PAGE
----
So Cal education, LAUSD, the Cal States and the UCs

LA Unified to consider new policy changes in response to Miramonte and other misconduct cases

Grant Slater/KPCC

Parents of students at Miramonte Elementary School escort they children out of school on February 6, 2012.

L.A. Unified's Board of Education will consider a resolution at their next meeting that orders the superintendent to reexamine and reassess all complaints of sexual, physical abuse or harassment logged in its system over the last five years, as well as create standards on how and when the district informs parents of abuse allegations against an employee.

The resolution is being crafted by school board member Nury Martinez, who has spoken out about the need for a policy that improves communication between the district and parents, after many parents learned about the arrests of their children's teachers for sexual misconduct through media reports over the last weeks.

LAUSD is already conducting an internal investigation into whether it notified the state's Commission on Teacher Credentialing of accused teachers, and will (re)report all misconduct cases to the commission over the last three academic years to ensure no one slipped through the cracks.

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LA Unified combs through emails, employee relations office files, logs and databases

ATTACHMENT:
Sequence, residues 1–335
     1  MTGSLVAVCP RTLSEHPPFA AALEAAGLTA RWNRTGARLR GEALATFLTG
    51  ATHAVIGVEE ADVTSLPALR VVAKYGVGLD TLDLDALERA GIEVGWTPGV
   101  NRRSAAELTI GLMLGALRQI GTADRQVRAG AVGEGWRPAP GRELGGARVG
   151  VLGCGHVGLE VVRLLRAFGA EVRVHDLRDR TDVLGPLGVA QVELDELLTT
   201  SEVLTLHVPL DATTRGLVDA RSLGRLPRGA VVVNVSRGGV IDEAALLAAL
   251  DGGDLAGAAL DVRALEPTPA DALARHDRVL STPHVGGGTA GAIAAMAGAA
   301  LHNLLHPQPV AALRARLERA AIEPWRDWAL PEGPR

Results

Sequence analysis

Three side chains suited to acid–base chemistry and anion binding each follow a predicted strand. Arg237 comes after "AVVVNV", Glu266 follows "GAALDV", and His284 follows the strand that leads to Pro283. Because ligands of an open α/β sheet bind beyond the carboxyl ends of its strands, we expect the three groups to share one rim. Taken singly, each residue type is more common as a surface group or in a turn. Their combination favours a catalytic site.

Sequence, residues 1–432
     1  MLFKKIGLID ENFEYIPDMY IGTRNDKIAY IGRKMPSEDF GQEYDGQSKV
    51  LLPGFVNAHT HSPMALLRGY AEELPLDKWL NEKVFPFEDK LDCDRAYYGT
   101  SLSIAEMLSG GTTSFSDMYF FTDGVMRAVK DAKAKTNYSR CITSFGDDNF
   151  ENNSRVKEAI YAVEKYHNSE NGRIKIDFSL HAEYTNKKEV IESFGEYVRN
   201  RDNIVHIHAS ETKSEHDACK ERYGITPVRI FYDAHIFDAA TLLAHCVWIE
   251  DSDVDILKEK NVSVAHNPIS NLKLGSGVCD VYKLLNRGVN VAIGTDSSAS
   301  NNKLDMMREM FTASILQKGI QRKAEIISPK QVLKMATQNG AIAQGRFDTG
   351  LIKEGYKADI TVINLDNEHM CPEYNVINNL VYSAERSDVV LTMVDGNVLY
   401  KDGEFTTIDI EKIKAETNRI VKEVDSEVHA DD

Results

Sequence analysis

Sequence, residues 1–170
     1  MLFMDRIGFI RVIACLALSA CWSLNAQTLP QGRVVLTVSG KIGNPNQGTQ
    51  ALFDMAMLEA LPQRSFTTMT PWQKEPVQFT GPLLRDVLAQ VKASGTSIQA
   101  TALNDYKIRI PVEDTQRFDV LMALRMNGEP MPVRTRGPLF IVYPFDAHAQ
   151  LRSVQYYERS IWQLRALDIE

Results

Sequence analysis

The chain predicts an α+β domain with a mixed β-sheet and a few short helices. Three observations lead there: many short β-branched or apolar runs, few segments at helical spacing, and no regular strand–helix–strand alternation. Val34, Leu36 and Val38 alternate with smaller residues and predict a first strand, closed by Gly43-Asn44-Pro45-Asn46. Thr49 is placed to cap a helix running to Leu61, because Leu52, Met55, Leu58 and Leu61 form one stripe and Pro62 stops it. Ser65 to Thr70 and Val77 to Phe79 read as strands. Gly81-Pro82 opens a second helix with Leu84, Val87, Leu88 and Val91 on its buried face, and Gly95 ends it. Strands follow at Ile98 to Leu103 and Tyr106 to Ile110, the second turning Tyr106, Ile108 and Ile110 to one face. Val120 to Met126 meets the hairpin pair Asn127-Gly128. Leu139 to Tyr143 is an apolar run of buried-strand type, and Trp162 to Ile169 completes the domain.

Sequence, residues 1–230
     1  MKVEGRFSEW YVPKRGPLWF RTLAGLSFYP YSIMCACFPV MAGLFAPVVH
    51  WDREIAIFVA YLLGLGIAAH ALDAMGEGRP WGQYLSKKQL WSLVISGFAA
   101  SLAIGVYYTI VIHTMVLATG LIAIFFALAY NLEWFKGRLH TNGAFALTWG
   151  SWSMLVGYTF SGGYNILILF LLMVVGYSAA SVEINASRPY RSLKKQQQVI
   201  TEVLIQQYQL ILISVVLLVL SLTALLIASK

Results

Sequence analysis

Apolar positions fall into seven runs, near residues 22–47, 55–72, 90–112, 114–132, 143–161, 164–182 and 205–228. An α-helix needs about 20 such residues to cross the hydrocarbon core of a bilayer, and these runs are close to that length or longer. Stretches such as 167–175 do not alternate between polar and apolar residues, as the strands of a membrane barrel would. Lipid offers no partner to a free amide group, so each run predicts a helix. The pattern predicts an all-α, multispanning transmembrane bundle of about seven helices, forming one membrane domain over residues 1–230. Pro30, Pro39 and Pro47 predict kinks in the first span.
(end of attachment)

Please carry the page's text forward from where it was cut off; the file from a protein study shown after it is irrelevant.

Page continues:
Grant Slater/KPCC

Parents of students at Miramonte Elementary School escort they children out of school on February 6, 2012.

LAUSD spokesman Thomas Waldman provided more details today on the internal investigation into the district's reporting of teachers accused of misconduct to the California Commission on Teacher Credentialing.

Superintendent John Deasy said Wednesday the district would be refiling all reports of teacher misconduct over the last three academic years to ensure no cases slipped through the crack as has been recently reported in two instances by the media.

According to Waldman, district officials will be going through the email records of past L.A. Unified mandated reports that were sent to the commission. They will also look at any email records retrieved by the IT department from district servers and backup records. Officials will look through employee relations office files, logs and databases; data from the Los Angeles County Office of Education; and any correspondences or reports that have come in from the commission or that may have been misplaced, Waldman said. 

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LA Unified to review files on teacher misconduct over last 3 years and report to state agency

Krista Kennell/AFP/Getty Images

Parents and children protest outside Miramonte Elementary School in Los Angeles, California, February 6, 2012.

L.A. Unified will go back and report (or re-report) every case of a teacher accused of misconduct over the last three years to the state credentialing commission as part of an internal investigation into its failure to provide a timely report on former Miramonte Elementary School teacher Mark Berndt, who is accused of spoon-feeding his semen to children.

"I ordered my staff to re-file every single report over the last three academic years and of course the year that I'm in now, just as an abundance of caution, to make sure that no particular case slipped through the cracks and to be quite clear that every case was sent to the commission on teacher credentialing," Superintendent John Deasy told KPCC on air today during his regular monthly radio talk.